She wrote something down on her clipboard. “Did that scare you?”
“Yes,” I said. “Sometimes I’d come out of a blackout not knowing where I was or how I got there.”
I told her about how I’d once come to holding a broken coffee mug in my hand. “I have no idea how it broke,” I said. I looked down to find my hand in my lap mimicking the act of holding a mug, improvising its handle, its weight. “Every once in a while, I think about that broken mug,” I said. “But no matter how many times I’ve tried to remember, I can’t figure out how it broke. Or how it got into my hand. It’s like a half-memory.”
I had a lot of these half-memories. Consequences with the actions erased and forgotten. The broken mug was one of the more benign examples. There had been busted eyeglasses, lost shoes, toaster ovens smoking from having been on for way too long.
And then there were the two mornings I woke up feeling as though I’d come to mid-death rattle. Bruises all over my body – around my mouth, inside my arms and thighs; I could feel fresh open scrapes burning inside my vagina. The word “pulverized” came to mind.
These two mornings were the result of huge chunks of time lost to drinking. Entire evenings. I had passed out cold. Something I did often. Instead of vomiting, my body would just shut down when it couldn’t take any more alcohol. I’d been picked up and carried around by friends and strangers countless times. In fact, it was not an uncommon mode of transportation for me to take home.
On both of these mornings, I woke up completely alone, one time in my bed without clothes on, the other time on an acquaintance’s couch fully dressed.
A decade and several hundred thousand drinks later, these mornings still rank pretty high up on my scale of “scary things for which I have no explanation whatsoever.” Because I never figured out how I’d been pulverized.
After these incidents, I tried to do some “clandestine research” about women who’d experienced multiple sexual assaults, just in case I fit the bill. I didn’t have a computer of my own at the time, so I went to the lab at school. It was there that I first came across the term “rape revictimization.” The words looked sinister on the computer screen in front of me. I remember glancing around the computer lab at the time, certain that I was being watched by other students, that my search history was being recorded. But no one made eye contact; no one even looked away from their computer monitors. Slowly, I turned my attention back to my research. There the words were again: “rape revictimization” – fairly simplistic in their etymological construct: Rape: the act of sexual violation. Revictimization: To become a victim again. Rape revictimization: To become a victim of sexual violation again.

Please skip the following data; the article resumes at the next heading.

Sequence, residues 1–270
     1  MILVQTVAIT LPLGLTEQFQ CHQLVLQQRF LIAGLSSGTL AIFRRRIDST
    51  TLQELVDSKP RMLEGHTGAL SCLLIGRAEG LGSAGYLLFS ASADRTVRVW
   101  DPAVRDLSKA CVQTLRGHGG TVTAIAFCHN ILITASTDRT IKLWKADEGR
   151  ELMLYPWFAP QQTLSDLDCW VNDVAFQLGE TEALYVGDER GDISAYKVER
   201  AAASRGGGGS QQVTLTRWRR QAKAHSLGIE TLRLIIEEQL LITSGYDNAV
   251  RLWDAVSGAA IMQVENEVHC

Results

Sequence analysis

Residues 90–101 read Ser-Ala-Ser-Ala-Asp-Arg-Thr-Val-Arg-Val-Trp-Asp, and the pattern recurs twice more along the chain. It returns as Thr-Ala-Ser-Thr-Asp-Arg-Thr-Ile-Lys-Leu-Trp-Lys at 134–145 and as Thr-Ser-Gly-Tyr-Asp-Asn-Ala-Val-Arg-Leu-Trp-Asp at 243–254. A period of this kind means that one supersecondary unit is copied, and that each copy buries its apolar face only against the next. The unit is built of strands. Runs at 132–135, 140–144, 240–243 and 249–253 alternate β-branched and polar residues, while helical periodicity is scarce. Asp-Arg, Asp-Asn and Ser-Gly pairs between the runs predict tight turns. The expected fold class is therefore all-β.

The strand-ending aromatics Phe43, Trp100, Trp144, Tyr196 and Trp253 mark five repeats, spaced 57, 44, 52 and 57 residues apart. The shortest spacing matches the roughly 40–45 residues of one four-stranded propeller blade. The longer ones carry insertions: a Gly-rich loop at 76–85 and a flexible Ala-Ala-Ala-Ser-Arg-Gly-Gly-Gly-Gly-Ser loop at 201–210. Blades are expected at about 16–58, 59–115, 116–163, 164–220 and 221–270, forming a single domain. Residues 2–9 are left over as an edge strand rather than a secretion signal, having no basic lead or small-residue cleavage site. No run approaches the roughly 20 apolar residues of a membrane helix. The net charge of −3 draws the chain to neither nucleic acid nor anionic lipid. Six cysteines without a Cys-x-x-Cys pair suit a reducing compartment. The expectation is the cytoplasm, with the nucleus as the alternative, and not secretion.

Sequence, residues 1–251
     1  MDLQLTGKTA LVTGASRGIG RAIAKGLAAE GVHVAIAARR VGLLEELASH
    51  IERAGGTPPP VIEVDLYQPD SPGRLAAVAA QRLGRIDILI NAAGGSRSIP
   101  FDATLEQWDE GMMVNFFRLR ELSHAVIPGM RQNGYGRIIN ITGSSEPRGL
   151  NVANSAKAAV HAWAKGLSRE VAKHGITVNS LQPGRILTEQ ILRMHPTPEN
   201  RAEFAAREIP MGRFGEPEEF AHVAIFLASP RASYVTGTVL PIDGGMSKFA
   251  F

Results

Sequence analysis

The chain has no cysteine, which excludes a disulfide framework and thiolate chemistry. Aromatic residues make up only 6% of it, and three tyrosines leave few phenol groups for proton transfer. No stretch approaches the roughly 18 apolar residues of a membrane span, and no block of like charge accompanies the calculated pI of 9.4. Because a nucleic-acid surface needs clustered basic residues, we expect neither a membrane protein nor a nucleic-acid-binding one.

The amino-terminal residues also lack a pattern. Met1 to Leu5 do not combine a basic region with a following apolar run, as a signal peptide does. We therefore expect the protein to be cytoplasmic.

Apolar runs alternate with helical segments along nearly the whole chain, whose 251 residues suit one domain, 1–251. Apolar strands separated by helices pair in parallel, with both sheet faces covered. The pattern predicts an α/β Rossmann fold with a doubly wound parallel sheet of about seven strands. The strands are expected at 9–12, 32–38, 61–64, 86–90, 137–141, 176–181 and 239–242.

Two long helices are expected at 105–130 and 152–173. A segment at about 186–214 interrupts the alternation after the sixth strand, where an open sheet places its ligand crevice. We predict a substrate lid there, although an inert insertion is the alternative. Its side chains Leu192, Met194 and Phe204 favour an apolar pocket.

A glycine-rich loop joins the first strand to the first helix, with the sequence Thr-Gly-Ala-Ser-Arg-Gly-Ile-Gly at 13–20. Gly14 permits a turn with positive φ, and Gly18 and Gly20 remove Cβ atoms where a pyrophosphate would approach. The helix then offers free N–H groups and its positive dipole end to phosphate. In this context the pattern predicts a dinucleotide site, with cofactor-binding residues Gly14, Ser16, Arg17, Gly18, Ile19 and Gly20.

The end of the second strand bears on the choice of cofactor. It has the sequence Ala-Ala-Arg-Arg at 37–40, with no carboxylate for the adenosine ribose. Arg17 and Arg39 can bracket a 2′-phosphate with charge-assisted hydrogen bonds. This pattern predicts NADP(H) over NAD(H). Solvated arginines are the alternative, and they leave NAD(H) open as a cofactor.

My face got hot. I flicked off the computer and walked briskly out of the lab, thinking, No, that’s not me. That’s way too dramatic to apply to me. I wasn’t even sure I’d been victimized, let alone “revictimized.” Besides, I knew plenty of “revictims” – women who lingered on their traumatic experiences, making everyone around them crazy with the repetitious talk, the neediness, the inability to move the hell on. That wasn’t me. Not at all.
“You look flustered,” the therapist said.
I nodded. “I am.”
“Because I don’t know about all these experiences,” I said. “The assaults. I mean, I know one was an assault. But the others? Well… probably? But I don’t know for sure.”
“Why won’t you say ‘rape’?” she asked.
I shrugged. “Because assault sounds better.”
The therapist narrowed her eyes at me. I couldn’t tell if it was a look of confusion or one of intrigue. Either way, it made me uncomfortable, but I kept talking. “Look,” I said, “when I was in college, I slept with a lot of dudes. I wasn’t out of the closet yet. And I had sex with these guys willingly.” I sat back up defiantly on the couch again – my arms crossed, chin jutted out. Defiance has always been my default temperament in times of stress. “But there were a few times – not many, but a few – that were questionable. That’s all.”
I couldn’t think of any better way to put it. Everything from context to consent to the memories themselves was confined by blurred edges, lacking definition. “There was one time I was pretty sure I said no,” I said. “But I was so fucked up. Maybe I didn’t. It’s hard to explain.”
“Just try,” the therapist said.
The very first time I ever woke up covered in bruises and scrapes, so hung over that I couldn’t narrow in on a single thought and hold it for longer than a few seconds, was 14 years ago, on the morning after I met Grendel. I never knew the guy’s first name, so I just call him Grendel. The night before was my first Saturday away at college. I had crashed my bike in front of Grendel’s house on the way home from a party. Though it had been early evening, I was already wasted and terribly lost. I catapulted myself like The Sunday Times onto his front steps. A handful of kids who’d been talking on the lawn came to help me up, carefully running with cups of beer in their hands, moving like children in an egg-balancing race. One guy, a big husky dude with dark, unkempt hair, offered to let me clean up inside. This was Grendel.